• Capt. Lucas Kennedy, from Kearney, Neb., gets ready to fly on a mission over Baghdad, Iraq, Nov. 6. To show appreciation for the numerous items sent from a company out of Austin, Texas, he'll fly an American flag during the mission and later mail it to them.

    Capt. Lucas Kennedy, from Kearney, Neb., gets...

    Capt. Lucas Kennedy, from Kearney, Neb., gets ready to fly on a mission over Baghdad, Iraq, Nov. 6. To show appreciation for the numerous items sent from a company out of Austin, Texas, he'll fly an American flag during the mission and later mail it to...

  • With an American flag tucked in the bottom left corner of each crew station, an AH-64D Apache attack helicopter departs the flight line of Camp Taji, Iraq, Nov 6. Many aviators take flags with them on combat missions to send back to family, friends and organizations that have shown support for the deployed Soldiers.

    With an American flag tucked in the bottom left...

    With an American flag tucked in the bottom left corner of each crew station, an AH-64D Apache attack helicopter departs the flight line of Camp Taji, Iraq, Nov 6. Many aviators take flags with them on combat missions to send back to family, friends and...

CAMP TAJI, Iraq -- A nation's flag can be a powerful symbol of pride for people, but a flag that comes with a story behind it can mean so much more.

From families and friends to companies and organizations, there are numerous people who support the efforts by deployed Soldiers. Support can come in the form of letters, movies, books, snacks and various supplies. It is all done to express the gratitude for what deployed Soldiers are doing in the service of their country.

In an effort to give back, the aviators of the 1st Air Cavalry Brigade, 1st Cavalry Division, are taking American flags on combat missions and then sending them back home to show appreciation for the support.

There are various reasons the aviators take a flag up with them on a mission, whether it is for family and friends, groups they used to be a part of, or for organizations that have given support to the Soldiers deployed, said Capt. Lucas Kennedy, from Kearney, Neb., commander of Company A, 4th Battalion, 227th Aviation Regiment, 1st ACB.

"The flag I am flying today is for a company that has sent us [Morale Welfare and Recreation] type items," said Kennedy. "It is just a way for us to thank them for the movies, candy and personal hygiene products they have sent us."

All of the flags come with a personalized certificate stating the date the flag was flown, what type of aircraft it was flown in, who the pilot was and that it was flown on a combat mission in support of Operation Iraqi Freedom, said Kennedy.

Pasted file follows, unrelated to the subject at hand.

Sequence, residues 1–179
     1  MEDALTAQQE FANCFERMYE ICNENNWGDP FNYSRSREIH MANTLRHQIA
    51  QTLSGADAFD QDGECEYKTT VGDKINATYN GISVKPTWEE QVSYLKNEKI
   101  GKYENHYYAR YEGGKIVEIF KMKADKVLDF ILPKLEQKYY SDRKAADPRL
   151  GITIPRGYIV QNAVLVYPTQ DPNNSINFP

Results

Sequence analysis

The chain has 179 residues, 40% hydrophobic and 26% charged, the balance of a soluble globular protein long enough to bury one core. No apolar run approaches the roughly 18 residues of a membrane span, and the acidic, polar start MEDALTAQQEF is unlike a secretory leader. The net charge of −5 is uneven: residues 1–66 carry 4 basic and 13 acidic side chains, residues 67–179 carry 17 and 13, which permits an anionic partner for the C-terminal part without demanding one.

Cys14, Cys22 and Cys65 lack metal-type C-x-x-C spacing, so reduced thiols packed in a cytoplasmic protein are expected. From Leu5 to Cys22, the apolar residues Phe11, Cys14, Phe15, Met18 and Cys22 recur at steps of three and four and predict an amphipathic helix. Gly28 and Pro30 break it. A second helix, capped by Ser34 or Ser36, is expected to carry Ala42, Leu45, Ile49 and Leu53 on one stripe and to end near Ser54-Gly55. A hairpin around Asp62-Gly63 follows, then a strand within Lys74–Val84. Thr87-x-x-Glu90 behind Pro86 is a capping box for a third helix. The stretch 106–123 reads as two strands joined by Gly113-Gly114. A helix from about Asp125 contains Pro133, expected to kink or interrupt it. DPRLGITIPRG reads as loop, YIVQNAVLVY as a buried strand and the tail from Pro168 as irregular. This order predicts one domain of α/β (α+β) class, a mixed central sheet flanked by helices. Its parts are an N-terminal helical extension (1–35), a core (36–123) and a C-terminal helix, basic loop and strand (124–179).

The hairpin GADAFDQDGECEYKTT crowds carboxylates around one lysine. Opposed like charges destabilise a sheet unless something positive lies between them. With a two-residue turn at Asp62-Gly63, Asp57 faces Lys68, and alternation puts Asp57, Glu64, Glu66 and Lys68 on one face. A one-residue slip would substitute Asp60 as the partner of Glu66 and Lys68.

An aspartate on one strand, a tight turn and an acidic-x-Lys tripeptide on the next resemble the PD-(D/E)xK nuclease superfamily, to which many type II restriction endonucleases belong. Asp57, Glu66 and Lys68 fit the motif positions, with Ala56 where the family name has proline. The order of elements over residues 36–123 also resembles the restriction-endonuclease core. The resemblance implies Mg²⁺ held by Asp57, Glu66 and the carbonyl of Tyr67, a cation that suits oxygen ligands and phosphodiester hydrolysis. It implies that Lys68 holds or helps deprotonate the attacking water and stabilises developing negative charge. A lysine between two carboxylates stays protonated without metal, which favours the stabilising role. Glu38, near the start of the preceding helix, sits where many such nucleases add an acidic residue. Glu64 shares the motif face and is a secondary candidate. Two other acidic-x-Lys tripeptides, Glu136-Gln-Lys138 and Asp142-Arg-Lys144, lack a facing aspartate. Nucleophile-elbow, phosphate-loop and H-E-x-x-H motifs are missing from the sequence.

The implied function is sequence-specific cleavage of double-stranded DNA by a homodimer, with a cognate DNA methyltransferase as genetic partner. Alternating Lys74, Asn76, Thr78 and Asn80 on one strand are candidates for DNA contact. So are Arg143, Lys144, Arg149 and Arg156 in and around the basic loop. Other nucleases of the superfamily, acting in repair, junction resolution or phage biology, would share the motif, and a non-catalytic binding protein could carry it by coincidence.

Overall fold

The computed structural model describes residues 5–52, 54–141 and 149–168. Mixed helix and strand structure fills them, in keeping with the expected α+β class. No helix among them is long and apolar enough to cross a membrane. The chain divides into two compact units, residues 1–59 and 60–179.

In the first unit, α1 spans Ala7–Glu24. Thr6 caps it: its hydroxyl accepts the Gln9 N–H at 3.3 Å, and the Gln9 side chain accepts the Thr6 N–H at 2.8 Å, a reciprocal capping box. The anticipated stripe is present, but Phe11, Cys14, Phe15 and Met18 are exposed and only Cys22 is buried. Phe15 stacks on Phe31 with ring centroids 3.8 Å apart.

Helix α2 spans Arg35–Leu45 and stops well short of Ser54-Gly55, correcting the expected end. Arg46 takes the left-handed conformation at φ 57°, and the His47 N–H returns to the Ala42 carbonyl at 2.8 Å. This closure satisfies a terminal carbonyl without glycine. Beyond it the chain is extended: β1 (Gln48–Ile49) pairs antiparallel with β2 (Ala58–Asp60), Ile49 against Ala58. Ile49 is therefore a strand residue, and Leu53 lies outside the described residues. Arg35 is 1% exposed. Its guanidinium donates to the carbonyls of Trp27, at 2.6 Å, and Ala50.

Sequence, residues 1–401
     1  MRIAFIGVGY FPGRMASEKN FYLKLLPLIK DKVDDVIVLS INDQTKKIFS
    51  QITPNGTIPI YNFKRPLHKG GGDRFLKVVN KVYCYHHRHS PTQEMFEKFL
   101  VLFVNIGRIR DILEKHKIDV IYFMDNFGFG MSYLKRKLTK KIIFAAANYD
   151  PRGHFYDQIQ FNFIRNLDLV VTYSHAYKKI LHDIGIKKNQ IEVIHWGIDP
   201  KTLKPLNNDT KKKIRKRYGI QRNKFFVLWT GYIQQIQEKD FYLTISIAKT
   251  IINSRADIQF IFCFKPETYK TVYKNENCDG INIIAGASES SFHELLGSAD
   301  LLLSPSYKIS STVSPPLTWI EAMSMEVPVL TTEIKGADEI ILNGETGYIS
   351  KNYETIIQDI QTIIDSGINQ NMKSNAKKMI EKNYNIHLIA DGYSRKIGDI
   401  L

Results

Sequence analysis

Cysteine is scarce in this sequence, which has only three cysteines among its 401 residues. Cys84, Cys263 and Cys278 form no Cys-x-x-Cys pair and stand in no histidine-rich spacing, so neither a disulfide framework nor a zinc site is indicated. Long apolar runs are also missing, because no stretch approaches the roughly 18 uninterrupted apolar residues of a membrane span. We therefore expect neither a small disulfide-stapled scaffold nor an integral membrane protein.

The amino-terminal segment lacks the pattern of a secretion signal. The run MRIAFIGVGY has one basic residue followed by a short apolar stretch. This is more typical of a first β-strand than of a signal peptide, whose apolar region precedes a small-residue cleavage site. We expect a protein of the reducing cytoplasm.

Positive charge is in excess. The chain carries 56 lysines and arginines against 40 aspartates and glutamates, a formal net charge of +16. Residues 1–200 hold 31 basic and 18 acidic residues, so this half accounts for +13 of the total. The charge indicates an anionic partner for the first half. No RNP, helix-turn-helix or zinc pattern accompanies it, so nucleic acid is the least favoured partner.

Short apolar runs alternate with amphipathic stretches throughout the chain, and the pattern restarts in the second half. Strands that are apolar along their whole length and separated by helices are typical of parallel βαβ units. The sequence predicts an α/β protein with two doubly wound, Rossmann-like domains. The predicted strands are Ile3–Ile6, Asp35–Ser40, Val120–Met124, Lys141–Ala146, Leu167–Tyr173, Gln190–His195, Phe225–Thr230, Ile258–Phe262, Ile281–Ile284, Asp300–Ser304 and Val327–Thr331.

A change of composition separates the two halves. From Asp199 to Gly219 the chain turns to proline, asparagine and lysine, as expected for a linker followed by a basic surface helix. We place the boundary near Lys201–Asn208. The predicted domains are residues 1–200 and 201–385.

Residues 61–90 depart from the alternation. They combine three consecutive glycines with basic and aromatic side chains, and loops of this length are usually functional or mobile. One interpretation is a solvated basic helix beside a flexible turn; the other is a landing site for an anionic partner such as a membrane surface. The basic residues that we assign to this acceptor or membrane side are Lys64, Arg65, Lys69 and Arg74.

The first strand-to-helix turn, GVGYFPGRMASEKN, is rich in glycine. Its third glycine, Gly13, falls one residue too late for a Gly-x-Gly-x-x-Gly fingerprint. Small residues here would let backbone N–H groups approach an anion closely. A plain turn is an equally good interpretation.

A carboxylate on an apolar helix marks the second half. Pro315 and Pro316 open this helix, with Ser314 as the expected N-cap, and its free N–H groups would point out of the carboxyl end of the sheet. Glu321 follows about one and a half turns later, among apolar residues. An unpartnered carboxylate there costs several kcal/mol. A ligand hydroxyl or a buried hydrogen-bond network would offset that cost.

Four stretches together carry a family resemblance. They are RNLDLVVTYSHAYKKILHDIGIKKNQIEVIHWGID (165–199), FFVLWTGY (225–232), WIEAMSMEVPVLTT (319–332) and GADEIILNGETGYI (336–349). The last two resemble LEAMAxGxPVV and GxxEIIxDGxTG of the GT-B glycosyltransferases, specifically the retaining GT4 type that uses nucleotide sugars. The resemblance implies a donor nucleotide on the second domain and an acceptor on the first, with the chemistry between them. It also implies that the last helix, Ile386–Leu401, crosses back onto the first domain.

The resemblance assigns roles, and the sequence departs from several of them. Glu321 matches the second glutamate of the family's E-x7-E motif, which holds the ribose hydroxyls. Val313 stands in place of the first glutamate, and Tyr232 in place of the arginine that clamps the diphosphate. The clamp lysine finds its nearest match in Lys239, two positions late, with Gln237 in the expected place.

"I hope that these flags we fly are passed down to kids and grandkids, or fly proudly outside a home every day, or up on a wall of an establishment and remain there for as long as that VFW, fire hall or school exists," said Kennedy.

The flags have great symbolism which people can rally around, Kennedy said, and added it is a way for people to remember what was done, making the flag a more powerful item.

In 2003, during the initial push into Iraq, Maj. R.J. Garcia, from South Lake, Texas, the operations officer in charge for 4-227th, came into country with four flags and a plan to distribute them amongst his family.

"I gave one flag to my father, one to another family member, one to a good friend and saved one for my son who was born three days after I got back from that first deployment," said Garcia. "I decided to hold onto the one for my son until I retire, so I could say I flew with it on every combat mission I have ever flown."

"I think the flag is really a universal symbol for freedom; it's really gone beyond being just for Americans, but for the world, and I try to bring that symbol back home for people that do something special for the troops," Garcia continued.

Some aviators use the flag as a way to help people connect with what Soldiers are doing in Iraq.

"Where I come from in Idaho, nobody knows anybody that has been out here (Iraq), so it is kind of nice to be able to share that with them," said Chief Warrant Officer Greg Marotz, from Ashton, Idaho. "We spend 12 or 15 months here and that is a way we can share what we are doing with those that really don't know."

Having sent a flag and certificate back to his junior high and elementary school, the kids were able to see a different side of the war from what is seen on television, and it actually put a face and a story of how the flag came to the school, said Marotz.

The flags that are sent back can become more than just a thank you; the red, white and blue is a common bond for most Americans and these particular flags have a unique beginning.

"It creates a sense of history for people, the flag was actually here in Baghdad and was flown in combat," said Marotz.

Page last updated Thu November 12th, 2009 at 15:52